As a homeowner, finding potential tenants for your rental property can be a challenging process. Finding a good fit for your property goes beyond finding someone who can pay the rent on time. If you’re looking to figure out how to screen tenants, you can find out all the details and more in this article.
The process of screening potential tenants is up to you. As the homeowner, you should overlook this step of the rental application process. To conduct a thorough screening, you must:
It is a logical question to ask whether you can pick the tenant that will go into your home. After all, you want to know who’s going into the house that you’ve lived in, and you want to make sure that it’s a good tenant.
If you are planning to use professional property management, generally, you cannot pick your tenants. Property management companies are careful to abide by federal fair housing laws. When you work with them, you ensure the legality of their decision to pick a well-suited tenant for your home.
Unfortunately, it takes more than a gut feeling to find the best fit for your home when it comes to finding good tenants. Here are three reasons you need to screen your tenants.
Properly screening your potential tenants helps you to keep not only your house but also the entire neighborhood safe. You’re not alone in not wanting bad tenants around. Your neighbors likely don’t want to deal with them either.
And so, you have a duty to the neighborhood to make sure that you’re putting good people in the home and then, also to protect the house. Not only could a bad tenant be dangerous but they could also destroy your house, costing you a significant amount.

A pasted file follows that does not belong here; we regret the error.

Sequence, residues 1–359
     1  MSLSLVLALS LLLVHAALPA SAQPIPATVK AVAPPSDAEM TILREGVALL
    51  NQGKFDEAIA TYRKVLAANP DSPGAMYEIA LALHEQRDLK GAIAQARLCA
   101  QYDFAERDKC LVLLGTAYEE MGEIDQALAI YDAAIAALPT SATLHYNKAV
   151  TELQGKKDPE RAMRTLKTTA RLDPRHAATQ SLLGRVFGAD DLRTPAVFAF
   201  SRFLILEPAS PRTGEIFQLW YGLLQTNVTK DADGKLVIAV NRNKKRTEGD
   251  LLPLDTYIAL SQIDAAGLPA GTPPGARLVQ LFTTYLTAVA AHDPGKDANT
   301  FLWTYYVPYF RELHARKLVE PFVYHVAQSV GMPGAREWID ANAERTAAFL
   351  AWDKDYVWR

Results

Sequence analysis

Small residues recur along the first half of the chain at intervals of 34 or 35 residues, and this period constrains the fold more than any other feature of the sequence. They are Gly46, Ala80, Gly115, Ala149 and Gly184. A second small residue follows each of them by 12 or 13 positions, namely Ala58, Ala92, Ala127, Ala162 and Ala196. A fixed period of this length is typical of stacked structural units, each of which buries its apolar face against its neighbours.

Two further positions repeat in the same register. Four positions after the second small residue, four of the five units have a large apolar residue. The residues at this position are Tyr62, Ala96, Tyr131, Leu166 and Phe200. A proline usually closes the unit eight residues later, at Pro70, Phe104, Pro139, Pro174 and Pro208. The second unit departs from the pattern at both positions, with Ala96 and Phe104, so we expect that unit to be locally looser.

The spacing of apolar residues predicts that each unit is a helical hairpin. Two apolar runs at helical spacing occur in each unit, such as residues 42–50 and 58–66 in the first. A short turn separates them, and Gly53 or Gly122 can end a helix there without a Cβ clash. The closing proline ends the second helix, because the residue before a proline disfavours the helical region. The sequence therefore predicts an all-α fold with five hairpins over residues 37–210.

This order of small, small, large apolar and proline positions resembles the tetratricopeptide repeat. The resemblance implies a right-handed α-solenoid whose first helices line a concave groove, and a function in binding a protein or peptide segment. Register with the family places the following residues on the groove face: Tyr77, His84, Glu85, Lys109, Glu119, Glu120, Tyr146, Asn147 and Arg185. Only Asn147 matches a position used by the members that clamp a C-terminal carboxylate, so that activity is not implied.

Evictions are lengthy, and emotionally draining, and very expensive. The idea is to do a good job of underwriting that application to ensure that this person hasn’t done this before.
There are all sorts of ways you can find out if they’ve ever been evicted before. You want to make sure they do not have prior evictions because you don’t want to become the next victim.
There are professional residents out there or professional tenants, who have no intention of paying the rent. They look for people that own one rental home because they know that it’s very taxing on you to screen your resident. As a result, they assume that more likely, you’re not going to do it.
It’s imperative for you to know that these people are out there and to screen the tenants, too, because they’re looking for you.
There are a lot of different methods and approaches you can take to screening potential tenants. Here are four essentials you’ll want to cover in your application process.
The first thing you want to take a look at is their credit score. Some property managers might say it is unnecessary, but it is essentially a score of someone’s ability to pay their bills. Consider those huge companies that use credit scores to deem someone as qualified to receive mortgages or car loans.
A reasonable property price-point split has proven to be an effective method for a credit check on rental applicants. Generally speaking, you can look for the following credit scores, depending on your monthly rent:
Having a tiered credit threshold allows you to offer opportunities to a broad range of prospective tenants in your area.
The detail of a credit report also allows you to look back at the applicant’s past payment responsibility. Check for alarming reports versus misfortune, like many unlawful detainers versus medical bills.